How to Read a Forklift LP or propane Bottle Gauge
Forklift drivers should know certain safety factors when figuring out how to read a forklift propane bottle gauge. Drivers should know when the forklift is low on propane or fuel. Several older forklift models are designed so that the forks lower slowly to the ground and the machine shuts off automatically when it is out of fuel. This is really not sage and could result in product damage and personal injury. Newer models are designed differently to avoid this from happening. The driver could operate a handle that stops the forks from falling when the propane runs out.
1 Make sure you know where the propane gauge is located. Forklift propane gauge looks like a car's gas gauge. It is a small round object located either on the dash of the forklift where the controls and rest of the gauges are situated or on the valve on the propane tank.
2 Make certain to always keep the cover of the gauge clean so that information behind the glass is legible.
3 Look for the indicator needle at the bottom of the gauge. This needle shows you how much fuel is still inside the propane tank.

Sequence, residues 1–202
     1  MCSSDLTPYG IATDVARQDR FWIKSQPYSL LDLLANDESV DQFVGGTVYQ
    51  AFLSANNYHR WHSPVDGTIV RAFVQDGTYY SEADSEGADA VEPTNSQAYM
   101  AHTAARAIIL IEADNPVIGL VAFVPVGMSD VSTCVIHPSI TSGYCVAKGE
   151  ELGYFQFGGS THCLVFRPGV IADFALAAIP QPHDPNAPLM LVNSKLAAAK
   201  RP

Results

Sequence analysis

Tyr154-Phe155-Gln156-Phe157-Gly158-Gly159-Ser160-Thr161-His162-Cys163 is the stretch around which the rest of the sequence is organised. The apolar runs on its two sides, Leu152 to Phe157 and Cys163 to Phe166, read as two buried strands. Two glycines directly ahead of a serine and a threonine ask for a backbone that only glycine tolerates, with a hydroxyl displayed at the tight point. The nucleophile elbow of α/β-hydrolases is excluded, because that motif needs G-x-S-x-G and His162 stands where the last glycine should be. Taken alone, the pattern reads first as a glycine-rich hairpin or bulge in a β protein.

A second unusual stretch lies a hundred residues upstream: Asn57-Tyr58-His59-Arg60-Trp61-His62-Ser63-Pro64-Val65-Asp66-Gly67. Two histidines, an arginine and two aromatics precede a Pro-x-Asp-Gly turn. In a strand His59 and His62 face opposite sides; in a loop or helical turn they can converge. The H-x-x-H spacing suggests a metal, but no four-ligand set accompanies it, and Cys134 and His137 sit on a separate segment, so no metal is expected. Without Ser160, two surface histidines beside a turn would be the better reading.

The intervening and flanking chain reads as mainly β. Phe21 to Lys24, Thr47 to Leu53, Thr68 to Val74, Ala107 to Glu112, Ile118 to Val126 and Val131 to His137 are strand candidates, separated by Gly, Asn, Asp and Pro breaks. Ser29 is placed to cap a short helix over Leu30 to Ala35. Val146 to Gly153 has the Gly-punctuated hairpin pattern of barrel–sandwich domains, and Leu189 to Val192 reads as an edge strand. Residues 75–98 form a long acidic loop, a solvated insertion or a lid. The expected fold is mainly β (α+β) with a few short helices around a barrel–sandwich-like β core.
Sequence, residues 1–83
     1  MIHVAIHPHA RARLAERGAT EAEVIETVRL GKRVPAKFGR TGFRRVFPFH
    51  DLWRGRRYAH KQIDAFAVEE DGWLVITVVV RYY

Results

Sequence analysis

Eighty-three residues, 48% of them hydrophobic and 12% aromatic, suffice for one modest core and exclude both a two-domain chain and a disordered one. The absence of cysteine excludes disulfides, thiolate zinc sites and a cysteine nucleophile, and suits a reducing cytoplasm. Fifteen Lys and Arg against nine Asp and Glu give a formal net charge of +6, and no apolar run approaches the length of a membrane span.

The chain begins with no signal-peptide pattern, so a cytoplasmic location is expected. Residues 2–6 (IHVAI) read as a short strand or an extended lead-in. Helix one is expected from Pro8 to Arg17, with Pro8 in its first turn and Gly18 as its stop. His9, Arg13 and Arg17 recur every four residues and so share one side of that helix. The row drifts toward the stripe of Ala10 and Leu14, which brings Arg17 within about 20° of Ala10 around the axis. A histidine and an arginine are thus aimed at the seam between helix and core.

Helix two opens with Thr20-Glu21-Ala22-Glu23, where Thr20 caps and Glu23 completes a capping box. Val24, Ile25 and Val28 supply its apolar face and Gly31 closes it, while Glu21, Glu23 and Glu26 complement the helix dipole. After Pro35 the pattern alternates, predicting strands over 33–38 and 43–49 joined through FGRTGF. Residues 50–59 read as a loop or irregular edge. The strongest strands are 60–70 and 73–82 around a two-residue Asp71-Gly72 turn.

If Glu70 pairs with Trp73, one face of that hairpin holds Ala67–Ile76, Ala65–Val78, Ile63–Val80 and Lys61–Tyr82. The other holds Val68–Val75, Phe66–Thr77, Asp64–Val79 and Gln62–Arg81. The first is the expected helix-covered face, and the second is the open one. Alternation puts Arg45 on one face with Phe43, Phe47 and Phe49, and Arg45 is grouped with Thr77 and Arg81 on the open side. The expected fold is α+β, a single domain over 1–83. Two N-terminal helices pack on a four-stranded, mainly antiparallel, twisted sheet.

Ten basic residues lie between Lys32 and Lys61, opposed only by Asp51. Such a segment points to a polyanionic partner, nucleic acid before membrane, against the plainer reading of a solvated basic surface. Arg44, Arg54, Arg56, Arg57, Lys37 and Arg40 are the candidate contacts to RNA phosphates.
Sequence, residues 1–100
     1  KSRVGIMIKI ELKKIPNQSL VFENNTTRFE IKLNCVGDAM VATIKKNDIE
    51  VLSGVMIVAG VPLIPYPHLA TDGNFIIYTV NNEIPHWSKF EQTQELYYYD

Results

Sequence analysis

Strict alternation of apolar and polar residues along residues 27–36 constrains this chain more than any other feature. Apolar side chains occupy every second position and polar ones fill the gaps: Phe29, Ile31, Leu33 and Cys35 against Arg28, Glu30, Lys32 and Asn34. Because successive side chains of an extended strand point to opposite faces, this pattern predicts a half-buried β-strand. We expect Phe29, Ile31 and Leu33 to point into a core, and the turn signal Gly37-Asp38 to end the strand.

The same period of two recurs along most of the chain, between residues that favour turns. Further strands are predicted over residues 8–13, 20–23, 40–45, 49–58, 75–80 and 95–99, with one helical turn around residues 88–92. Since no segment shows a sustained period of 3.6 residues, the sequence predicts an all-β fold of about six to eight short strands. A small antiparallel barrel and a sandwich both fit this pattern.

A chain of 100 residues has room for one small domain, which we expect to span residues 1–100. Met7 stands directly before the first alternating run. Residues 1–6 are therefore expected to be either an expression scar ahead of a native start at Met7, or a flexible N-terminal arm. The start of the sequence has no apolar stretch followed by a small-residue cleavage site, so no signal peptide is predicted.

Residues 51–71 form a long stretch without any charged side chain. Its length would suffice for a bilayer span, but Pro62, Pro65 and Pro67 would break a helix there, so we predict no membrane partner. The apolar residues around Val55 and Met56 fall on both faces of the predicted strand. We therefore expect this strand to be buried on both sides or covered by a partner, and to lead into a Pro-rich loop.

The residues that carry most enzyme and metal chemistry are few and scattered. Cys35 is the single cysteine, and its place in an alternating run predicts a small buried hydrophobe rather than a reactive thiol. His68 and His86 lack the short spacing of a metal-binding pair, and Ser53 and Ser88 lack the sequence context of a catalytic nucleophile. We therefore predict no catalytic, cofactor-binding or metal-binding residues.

4 There are two letters on the gauge: E for empty and F for full. When the needle arm touches the letter E, it would mean that the propane tank is completely empty. When the needle arm touches the letter F, it means that the propane tank is totally full.
5 Notice the line in the middle of the gauge. When the needle touches the middle line it will mean that the tank is half full of propane.
6 Normally, there are smaller lines midway between the middle lines. These lines mean quarters. When the needle arrives at the quarter mark nearest the F, it would mean that there is three-fourths of a tank remaining. When the needle arrives at the quarter mark closest to E, the tank is a quarter full.